The anger against the infuriatingly anodyne procedures designed to smother conflict in the workplace and society lies behind much of the willingness to submit to the enthusiastic lies of Trump. Added to this is the conviction that Trump’s Democrat rivals are themselves pathologically dishonest (albeit they prefer more plausible lies).

Some of this stretches back to Trump’s role in ‘birtherism’, the unshakable belief that Barack Obama wasn’t really American enough to be president (despite production of his birth certificate). But it also goes back further to things like 9/11 Truth, and the refusal to believe the ‘official story’.


His most fervent acolytes have been found through incidents like the Pizzagate furore (the belief that high ranking Democrat officials were meeting at a Washington DC pizza restaurant that was a front for human trafficking and paedophilic abuse). It was totally false, but one man decided to take action, and attack the restaurant. There has also been an arson attempt. The man claimed to believe he was freeing the children (en.wikipedia.org/wiki/Pizzagate_conspiracy_theory).

This story has since merged with QAnon. Q is a putative member of the Whitehouse staff, leaking the ‘real’ agenda to the Trump administration. It is best summarised by the Wikipedia entry:

QAnon is a far-right conspiracy theory alleging that a cabal of Satan-worshiping pedophiles running a global child sex-trafficking ring is plotting against President Donald Trump, who is battling them, leading to a “day of reckoning” involving the mass arrest of journalists and politicians. No part of the theory is based on fact’ (en.wikipedia.org/wiki/QAnon).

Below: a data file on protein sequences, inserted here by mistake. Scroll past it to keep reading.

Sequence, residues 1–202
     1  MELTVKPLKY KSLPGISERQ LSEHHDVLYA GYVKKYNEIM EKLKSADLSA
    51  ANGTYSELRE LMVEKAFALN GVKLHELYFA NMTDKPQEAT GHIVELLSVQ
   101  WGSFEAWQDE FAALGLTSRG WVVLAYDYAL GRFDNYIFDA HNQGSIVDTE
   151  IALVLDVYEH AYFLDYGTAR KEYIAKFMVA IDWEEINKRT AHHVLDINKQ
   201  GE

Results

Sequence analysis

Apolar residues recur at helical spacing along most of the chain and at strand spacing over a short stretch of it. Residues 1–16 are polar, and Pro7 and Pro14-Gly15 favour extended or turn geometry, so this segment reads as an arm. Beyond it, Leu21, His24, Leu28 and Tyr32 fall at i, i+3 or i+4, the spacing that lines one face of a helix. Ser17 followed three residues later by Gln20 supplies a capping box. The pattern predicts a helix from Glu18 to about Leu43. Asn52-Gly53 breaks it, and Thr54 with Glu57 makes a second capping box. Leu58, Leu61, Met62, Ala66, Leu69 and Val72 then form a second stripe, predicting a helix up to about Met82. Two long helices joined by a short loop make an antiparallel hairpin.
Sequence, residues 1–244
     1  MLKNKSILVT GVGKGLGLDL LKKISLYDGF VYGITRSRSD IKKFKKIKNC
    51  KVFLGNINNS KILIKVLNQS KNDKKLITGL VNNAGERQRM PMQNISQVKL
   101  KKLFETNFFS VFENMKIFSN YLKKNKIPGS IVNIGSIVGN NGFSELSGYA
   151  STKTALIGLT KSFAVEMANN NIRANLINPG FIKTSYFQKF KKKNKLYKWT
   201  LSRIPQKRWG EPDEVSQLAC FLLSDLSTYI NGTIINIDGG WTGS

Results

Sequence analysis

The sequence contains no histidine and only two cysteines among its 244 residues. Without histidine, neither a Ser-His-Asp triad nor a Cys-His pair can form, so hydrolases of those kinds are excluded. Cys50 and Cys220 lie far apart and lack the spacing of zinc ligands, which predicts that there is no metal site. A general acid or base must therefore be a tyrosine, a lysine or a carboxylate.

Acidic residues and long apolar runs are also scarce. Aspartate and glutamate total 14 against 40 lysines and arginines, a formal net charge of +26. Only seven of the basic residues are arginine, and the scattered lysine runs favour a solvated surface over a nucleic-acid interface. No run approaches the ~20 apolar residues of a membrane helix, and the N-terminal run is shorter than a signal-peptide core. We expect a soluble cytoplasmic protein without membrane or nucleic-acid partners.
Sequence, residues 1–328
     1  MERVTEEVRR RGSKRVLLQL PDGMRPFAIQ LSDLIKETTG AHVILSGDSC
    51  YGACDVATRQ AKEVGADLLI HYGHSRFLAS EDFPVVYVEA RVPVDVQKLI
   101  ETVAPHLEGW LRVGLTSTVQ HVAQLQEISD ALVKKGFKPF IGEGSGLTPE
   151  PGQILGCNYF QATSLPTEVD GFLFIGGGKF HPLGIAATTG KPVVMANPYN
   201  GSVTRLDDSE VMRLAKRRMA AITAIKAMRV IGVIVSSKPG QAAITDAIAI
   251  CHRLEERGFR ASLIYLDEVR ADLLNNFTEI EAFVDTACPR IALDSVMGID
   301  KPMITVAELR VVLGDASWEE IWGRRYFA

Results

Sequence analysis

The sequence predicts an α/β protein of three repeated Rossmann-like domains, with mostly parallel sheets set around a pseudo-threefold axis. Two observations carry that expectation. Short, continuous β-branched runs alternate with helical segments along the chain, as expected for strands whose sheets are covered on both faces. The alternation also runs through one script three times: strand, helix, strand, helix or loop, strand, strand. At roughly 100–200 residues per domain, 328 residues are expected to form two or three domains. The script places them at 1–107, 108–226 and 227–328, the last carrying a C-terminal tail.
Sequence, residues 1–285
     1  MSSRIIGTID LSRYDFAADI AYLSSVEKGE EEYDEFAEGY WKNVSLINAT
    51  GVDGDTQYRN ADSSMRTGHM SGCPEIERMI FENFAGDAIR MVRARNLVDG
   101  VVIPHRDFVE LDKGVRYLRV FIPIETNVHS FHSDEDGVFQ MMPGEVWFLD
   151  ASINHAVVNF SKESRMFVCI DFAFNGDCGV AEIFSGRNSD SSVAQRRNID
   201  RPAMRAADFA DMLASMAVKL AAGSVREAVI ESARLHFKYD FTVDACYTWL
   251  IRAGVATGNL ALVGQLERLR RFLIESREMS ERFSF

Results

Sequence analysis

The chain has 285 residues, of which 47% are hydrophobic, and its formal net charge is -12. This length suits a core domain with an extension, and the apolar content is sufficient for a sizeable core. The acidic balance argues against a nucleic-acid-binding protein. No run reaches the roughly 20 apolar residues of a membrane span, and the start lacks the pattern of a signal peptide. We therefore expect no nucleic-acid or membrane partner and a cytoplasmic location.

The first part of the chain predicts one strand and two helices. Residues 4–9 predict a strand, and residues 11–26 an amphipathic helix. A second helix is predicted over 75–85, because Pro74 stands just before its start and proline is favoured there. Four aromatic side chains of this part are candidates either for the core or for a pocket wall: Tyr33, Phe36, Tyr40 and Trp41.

Q posts gnomic comments on various right-wing communities boards, and his followers seek to decode them, believing that Trump is playing a long game against entrenched powerful interests, until the day they will all be arrested and tried. His lies are part of that game against the corrupt officials who infest Washington.

Q followers post on Twitter under the hashtag #WWG1WGA (‘Where we go one, we go all’) as a sort of rallying cry. They also post a lot under #SaveTheChildren. The centrality of the paedophilia claims is curious. Certainly, it is common to impute absolute immorality to opponents. In this instance, partly, it is a method to gain support by finding people who will be upset by the horror of child abuse. It is also likely that this is an imaginary sublimation of the idea that their enemies are taking something precious away from them, and children are the most precious thing most people possess (as well as being metonymically linked with vitality and the future).

Dan Olson, in his YouTube video In search of flat Earth (www.youtube.com/watch?v=JTfhYyTuT44), puts forward the analysis that the QAnon believers are actually engaged in a form of violence. Their whacky ideas are not about debate but about forcing people to choose sides (firstly by weeding out adherents who don’t buy the theory wholesale, then by closing down debate with anyone who tries to argue with them factually). QAnon is a refusal to see a structural problem, instead believing the system itself is being subverted by infiltration, which must be fought by any means necessary, including outright conscious lying. They want to shut up the critics of the system.

 Trump turned himself into a danger to the world by clamping down on US state-sponsored climate science. Lies are a weapon against humanity. They cannot simply be debunked, the antidote is the building of conscious analysis of the way the world really is, and finding a constituency willing to listen to that truth that is bigger and better organised than the QAnon cultists.

Socialist Standard November 2020